Remembering Jimmie Rodgers ‘The Father of Country Music’

by Clayton Edwards
remembering-jimmie-rodgers-father-country-music

The world knows the late great Jimmie Rodgers by many nicknames – America’s Blue Yodeler and The Singing Brakeman are among the most prominent. However, the most fitting is the Father of Country Music. As one of the first real country music stars, Rodgers’ influence on the genre is undeniable. He died after a long battle with tuberculosis on May 26th, 1933 at the age of 35. Today, we’re going to look back at the life and impact of one of the most important musicians in country music history.

As we dig deeper into his tragically short life and career, check out our playlist, Jimmie Rodgers: Remembering the Father of Country Music. While you’re at it, be sure to follow Outsider on Spotify to get all the best music from our favorite artists.

Jimmie Rodgers’ Early Years

James Charles Rodgers was born on September 8, 1897, in Meridian, Mississippi. His father was a railroad section foreman, but young Jimmie Rodgers had his eyes set on stardom. At the age of 13, he won a talent contest and ran away with a traveling medicine show. Before long, Rodgers found himself stranded far from home. As a result, his father brought him home and put him to work on the railroad. According to the Country Music Hall of Fame, he rode the rails for 12 years – through WWI and into the early 20s – while holding several different jobs including brakeman.

However, this occupation didn’t take Jimmie Rodgers’ eyes off of his original prize. Instead, it allowed him to travel around the Southeast and absorb a wide variety of musical influences. He heard yodeling, folk songs, early jazz, and hillbilly music. However, the most crucial influence on Rodgers was the blues he learned from Black musicians. He combined those influences to create a sound that stood out from the crowd.

Decades later, many of the biggest names in country music cite Jimmie Rodgers as an influence. Hank Snow, Gene Autry, Lefty Frizzell, Bill Monroe, Johnny Cash, Merle Haggard, and countless other icons have acknowledged the Singing Brakeman’s influence on their music. But, that’s just scratching the surface when it comes to the impact that Rodgers had on the genre.

The Bristol Sessions: A Star Is Born

Like many people of the era, Jimmie Rodgers contracted tuberculosis in the early 20s. In 1924, he quit the railroad and pursued music full-time. For the next few years, Rodgers played on street corners and appeared on North Carolina-based radio station WWNC where he fell in with the Tenneva Ramblers, a string band from Bristol, Tennessee.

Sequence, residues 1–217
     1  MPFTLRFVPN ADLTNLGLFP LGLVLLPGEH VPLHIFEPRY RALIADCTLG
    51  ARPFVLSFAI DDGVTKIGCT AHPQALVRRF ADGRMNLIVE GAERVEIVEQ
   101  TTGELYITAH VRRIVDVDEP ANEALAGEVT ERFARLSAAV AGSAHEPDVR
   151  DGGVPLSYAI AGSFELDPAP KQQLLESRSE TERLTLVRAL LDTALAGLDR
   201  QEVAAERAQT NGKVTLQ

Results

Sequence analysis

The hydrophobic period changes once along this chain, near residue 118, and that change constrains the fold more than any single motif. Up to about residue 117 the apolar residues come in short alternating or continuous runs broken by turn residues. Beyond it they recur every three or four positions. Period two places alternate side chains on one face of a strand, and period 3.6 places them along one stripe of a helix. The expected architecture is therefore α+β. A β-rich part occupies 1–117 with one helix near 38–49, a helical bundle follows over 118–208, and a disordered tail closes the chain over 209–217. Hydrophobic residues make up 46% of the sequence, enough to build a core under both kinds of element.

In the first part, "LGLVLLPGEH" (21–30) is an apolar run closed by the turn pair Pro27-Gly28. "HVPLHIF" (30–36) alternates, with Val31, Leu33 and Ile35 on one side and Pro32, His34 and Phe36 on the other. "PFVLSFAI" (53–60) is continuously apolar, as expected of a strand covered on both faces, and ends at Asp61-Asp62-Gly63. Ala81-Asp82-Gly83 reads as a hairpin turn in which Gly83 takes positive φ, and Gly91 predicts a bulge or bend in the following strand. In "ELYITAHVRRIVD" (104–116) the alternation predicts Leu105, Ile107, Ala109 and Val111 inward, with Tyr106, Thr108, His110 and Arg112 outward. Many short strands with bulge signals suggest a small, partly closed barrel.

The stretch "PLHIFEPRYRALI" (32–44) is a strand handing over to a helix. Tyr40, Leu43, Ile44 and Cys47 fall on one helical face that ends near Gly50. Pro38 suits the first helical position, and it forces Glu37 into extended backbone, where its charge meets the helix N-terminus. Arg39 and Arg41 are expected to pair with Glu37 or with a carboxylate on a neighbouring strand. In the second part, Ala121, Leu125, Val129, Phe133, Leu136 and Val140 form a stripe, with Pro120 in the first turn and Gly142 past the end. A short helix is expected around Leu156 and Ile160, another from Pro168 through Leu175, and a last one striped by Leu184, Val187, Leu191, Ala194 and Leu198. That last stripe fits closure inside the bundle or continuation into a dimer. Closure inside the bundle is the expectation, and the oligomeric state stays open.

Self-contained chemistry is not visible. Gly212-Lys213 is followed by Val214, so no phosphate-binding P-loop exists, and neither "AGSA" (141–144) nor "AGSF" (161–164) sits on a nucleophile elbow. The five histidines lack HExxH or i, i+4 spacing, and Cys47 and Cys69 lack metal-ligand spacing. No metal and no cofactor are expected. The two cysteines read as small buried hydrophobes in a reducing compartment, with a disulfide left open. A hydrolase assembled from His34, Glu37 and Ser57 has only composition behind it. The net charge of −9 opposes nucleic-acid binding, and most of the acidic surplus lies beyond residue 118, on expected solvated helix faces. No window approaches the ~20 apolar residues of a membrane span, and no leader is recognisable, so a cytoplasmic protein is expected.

After the radio show they played on was canceled, the band changed their name to The Jimmie Rodgers Entertainers. In 1927, the band learned that Ralph Peer of the Victor Talking Machine Company planned to capture field recordings of local musicians in Bristol, Tennessee, and decided to take part. However, the band had a falling out and Rodgers attended the recording session alone.

That day, he recorded “Sleep Baby Sleep” and “The Soldier’s Sweetheart” and audiences loved his fresh sound. His records sold like hotcakes. As a result, Peer and Rodgers built a professional relationship. Over the next six years, Rodgers recorded more than 100 songs for Victor RCA.

More importantly, Jimmie Rodgers found the acclaim that he had been looking for. He played in first-run theaters across the country, toured the vaudeville circuit that took him to the biggest cities in the South, and broadcasted regularly from the nation’s capital.

Jimmie Rodgers and other Bristol Sessions standouts like the Carter Family showed Peer and the rest of the world that there was a booming market for country music.

The End of the Line for the Singing Brakeman

According to Encyclopedia Britannica, Jimmie Rodgers recorded until he died. In his final days, he would have to rest on a cot between takes because the TB was getting worse. Rodgers finished his final contracted recording session with RCA Victor in New York on May 24, 1933. Two days later, he collapsed while walking down the street and died a few hours later in his room at the Hotel Taft. The cause of death was a massive hemorrhage caused by TB. He was laid to rest in Oak Grove Cemetery in his hometown of Meridian, Mississippi.

The Impact of Jimmie Rodgers

Before country music, there was Hillbilly Music, an amalgamation of folk music and blues. Most vocalists favored the high-lonesome sound that bluegrass would later adopt. However, Jimmie Rodgers had a different approach. He injected more personality and emotion into his vocal delivery and became famous for his yodeling. Additionally, his lyrical content ranged from sad to humorous with songs about drinking, cheating, missing home, gambling, and traveling. He opened the eyes and ears of fans and artists alike. The genre as a whole wouldn’t be the same without his influence. In fact, it could be said that it wouldn’t exist without Rodgers’ influence and impact.

As a result, Jimmie Rodgers was the first musician to be inducted into the Country Music Hall of Fame alongside Fred Rose, and Hank Williams. Additionally, Rodgers is a member of the Songwriters Hall of Fame (inducted in 1970) and the Rock & Roll Hall of Fame (inducted in 1986 as an “early influence”).

Give our playlist or any of Jimmie Rodgers’ music a spin and you’ll hear the beginnings of country music. Each song is like a building block of the music that fuels us today.

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